Join historian, Eric Dolin as he talks about the founding of the U.S. Navy and the often missing maritime histories of the ragtag fleet of private vessels that were, in fact, critical to American victory during the American revolution. In his new book, Rebels at Sea (Liveright Publishing, 2022), Dolin corrects that omission, contending that without the help of privateers, the outcome of the war would likely have been very different.
At a time when the young Continental Navy numbered no more than about sixty vessels, privateers – or privately owned vessels granted permission by the new government to seize British merchantmen and men of war – handily filled in the gaps. Nearly 2,000 set sail over the course of the war, with tens of thousands of Americans capturing more than 1,800 British ships. A truly ragtag fleet ranging from twenty-five-foot-long whaleboats to full-rigged ships more than 100 ft long, privateersmen were not just pirates after a good loot – as too often assumed – but were, instead, crucial instruments in the war.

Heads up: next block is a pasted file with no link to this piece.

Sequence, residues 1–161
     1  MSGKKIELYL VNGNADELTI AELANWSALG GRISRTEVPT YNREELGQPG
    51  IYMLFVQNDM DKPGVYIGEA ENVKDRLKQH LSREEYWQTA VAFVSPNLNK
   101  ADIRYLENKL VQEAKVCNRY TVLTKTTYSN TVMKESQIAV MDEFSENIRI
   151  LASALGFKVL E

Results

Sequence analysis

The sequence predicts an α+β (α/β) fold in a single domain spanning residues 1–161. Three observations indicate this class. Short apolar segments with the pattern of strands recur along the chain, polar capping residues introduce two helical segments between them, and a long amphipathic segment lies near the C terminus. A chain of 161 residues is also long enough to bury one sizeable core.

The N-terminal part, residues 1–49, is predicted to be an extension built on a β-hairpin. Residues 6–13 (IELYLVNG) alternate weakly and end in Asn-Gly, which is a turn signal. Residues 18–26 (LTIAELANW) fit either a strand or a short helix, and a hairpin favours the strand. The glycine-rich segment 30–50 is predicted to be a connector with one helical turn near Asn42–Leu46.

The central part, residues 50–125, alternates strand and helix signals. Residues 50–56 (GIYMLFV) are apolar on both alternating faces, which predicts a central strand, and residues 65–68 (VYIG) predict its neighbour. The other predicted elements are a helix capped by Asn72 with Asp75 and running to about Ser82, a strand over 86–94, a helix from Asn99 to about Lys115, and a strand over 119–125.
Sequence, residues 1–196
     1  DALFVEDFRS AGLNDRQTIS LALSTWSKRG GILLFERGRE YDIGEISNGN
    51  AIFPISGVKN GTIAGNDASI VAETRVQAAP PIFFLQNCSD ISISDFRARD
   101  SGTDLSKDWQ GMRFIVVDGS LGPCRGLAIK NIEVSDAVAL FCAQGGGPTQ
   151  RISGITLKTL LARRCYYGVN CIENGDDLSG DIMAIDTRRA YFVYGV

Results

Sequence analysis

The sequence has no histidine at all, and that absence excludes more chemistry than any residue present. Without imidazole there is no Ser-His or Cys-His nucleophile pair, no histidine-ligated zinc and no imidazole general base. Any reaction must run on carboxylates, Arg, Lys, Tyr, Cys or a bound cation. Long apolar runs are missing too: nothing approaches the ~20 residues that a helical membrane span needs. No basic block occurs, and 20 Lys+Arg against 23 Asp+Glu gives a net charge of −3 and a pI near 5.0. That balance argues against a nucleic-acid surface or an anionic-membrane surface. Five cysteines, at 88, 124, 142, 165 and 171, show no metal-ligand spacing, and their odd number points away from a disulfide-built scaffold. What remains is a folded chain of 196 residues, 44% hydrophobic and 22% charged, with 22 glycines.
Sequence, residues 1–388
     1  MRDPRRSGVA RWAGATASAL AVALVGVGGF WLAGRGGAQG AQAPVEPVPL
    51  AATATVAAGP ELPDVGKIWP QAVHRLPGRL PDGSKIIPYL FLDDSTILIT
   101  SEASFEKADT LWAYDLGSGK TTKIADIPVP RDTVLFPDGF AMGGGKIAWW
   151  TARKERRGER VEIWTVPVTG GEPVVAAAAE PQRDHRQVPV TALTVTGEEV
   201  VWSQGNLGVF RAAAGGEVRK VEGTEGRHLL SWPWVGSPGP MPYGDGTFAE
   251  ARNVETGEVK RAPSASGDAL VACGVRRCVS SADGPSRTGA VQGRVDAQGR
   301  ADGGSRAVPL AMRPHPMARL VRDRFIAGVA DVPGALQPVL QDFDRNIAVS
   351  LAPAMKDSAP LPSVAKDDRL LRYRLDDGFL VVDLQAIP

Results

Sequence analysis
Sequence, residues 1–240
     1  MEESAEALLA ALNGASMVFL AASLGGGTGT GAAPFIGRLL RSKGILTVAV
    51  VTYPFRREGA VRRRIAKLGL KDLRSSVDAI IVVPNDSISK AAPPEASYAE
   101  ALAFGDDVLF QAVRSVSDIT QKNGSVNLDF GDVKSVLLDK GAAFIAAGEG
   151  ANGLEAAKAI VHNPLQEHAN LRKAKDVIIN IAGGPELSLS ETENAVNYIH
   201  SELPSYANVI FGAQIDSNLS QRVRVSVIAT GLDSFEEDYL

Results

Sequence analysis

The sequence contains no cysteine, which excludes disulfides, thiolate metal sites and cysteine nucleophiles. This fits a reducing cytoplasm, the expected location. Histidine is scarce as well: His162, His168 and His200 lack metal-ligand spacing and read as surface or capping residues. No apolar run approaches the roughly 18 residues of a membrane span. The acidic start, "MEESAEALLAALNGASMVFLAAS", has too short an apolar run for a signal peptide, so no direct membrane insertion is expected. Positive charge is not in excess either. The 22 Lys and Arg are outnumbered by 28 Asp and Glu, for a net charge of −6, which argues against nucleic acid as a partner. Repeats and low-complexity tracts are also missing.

About the Author: Eric Dolin is the author of fourteen books including, most recently, A Furious Sky: The Five-Hundred-Year History of Hurricanes, which was named a best book of the year by the Washington Post and Kirkus Reviews. Other books include Leviathan: The History of Whaling in America and Black Flags, Blue Waters: The Epic History of America’s Most Notorious Pirates. Dolin lives and works in Marblehead, Massachusetts.